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LOCAL MANUFACTURER FILLS ELECTRIC VEHICLE VOID

07-05-2018
by 
in 

With international electric vehicles failing to make an impression on the Australian market, a local manufacturer has stepped up to the plate to provide some much-needed competition. 

ACE Electric Vehicles is planning to produce Australian-manufacturered electric cars, with the goal of releasing its first electric car by the third quarter of 2018, and two more vehicles in 2019.

If the venture is successful, ACE Electric would become the only company to assemble, and later to entirely manufacture a battery-powered car in Australia. 

"We are proud to be launching our first range of Australian electric vehicles," ACE Electric Vehicles managing director Greg McGarvie said.

"This is now a realistic proposition since our agreements on a new patented manufacturing process for electric vehicles."

ACE says it wants to bring manufacturing back to Australia, and provide useful and durable vehicles for a price point that is accessible for the average consumer: below $40,000.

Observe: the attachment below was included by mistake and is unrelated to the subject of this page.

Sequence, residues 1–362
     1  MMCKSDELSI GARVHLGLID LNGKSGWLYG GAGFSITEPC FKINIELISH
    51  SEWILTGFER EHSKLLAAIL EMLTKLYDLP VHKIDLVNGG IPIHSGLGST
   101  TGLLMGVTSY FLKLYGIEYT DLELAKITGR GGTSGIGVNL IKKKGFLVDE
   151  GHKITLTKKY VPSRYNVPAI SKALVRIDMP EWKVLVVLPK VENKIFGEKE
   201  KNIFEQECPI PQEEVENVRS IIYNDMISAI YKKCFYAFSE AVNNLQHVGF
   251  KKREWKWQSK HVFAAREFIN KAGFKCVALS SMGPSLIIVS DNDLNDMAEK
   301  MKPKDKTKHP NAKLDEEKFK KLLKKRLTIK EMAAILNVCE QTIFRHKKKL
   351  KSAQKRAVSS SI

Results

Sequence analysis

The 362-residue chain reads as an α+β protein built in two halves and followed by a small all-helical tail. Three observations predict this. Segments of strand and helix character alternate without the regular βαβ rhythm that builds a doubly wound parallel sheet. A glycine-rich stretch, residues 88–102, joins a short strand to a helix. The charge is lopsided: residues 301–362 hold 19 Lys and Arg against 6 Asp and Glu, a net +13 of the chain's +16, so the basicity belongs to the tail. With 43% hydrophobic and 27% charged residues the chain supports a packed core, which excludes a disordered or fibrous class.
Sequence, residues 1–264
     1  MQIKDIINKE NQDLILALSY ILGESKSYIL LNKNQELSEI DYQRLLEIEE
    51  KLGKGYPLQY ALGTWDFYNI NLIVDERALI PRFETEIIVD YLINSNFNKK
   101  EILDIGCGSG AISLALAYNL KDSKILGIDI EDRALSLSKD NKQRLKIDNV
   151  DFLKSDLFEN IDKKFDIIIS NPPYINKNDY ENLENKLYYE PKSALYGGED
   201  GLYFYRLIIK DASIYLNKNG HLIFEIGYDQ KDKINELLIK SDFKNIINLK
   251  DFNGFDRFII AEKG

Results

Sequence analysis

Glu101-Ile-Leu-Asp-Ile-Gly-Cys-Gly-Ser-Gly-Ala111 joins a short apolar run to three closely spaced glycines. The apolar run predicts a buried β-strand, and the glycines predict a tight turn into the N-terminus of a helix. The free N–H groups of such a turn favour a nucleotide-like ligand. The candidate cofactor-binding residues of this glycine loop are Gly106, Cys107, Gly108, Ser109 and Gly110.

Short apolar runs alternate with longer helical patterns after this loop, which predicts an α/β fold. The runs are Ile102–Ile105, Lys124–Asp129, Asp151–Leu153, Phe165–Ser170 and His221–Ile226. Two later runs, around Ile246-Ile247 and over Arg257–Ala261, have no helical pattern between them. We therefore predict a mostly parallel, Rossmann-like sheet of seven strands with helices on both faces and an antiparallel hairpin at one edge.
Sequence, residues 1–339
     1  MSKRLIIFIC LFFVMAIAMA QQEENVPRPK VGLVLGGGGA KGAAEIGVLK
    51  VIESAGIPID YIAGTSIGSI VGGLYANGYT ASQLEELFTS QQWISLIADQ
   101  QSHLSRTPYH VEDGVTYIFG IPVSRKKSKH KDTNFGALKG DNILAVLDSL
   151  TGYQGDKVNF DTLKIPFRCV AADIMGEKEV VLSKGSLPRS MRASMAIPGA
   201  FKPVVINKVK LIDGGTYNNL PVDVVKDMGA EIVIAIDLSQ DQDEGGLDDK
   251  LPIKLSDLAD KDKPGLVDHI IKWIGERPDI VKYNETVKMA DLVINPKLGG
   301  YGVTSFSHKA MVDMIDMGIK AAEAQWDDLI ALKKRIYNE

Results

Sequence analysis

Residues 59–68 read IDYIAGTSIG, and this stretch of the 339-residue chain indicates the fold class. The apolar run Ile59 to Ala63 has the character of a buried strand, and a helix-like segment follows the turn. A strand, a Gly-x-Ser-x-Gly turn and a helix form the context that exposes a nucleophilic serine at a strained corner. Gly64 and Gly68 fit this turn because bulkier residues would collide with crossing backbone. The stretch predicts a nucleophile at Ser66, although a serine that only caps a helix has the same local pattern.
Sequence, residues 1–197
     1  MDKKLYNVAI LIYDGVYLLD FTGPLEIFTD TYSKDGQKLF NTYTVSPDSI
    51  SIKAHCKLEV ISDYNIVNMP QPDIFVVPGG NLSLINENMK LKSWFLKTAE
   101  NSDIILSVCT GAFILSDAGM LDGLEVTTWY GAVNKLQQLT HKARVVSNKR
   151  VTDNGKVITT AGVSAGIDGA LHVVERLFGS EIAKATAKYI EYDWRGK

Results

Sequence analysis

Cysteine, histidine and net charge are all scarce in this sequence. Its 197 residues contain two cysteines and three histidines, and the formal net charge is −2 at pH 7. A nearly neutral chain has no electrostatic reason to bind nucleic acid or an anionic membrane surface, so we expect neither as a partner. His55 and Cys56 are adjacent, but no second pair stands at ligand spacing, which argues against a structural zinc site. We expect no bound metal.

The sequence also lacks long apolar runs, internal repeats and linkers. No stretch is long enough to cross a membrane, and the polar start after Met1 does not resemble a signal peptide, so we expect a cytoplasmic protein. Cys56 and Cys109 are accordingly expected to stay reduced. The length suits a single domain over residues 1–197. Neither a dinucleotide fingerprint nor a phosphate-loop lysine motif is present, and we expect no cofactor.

McGarvie said the vehicles had been built for urban environments.

"They have been designed for jobs like small trades or physiology labs, where they are going back and forth," he said. 

The vehicles have a total range of 350km using a 40kWh battery. 

Currently, the vehicle production chain involves the manufacture of components abroad, and assembly "like Ikea" in Australia. McGarvie says that once production reaches 10,000 units per year, manufacturing solely in Australia will become economically viable. 

The company is confident that, despite the currently slow uptake of electric vehicles, there is room for expansion in Australia. 

"The key reason for poor uptake is the cost of electric vehicles, range anxiety – the cars running out of charge – and poor access to charging stations and servicing facilities, as well as a lack of a range of models," he said.

"We just need an open door. The current energy policy confusion is also impacting the ability of business to make investment decisions based on market risk."

 

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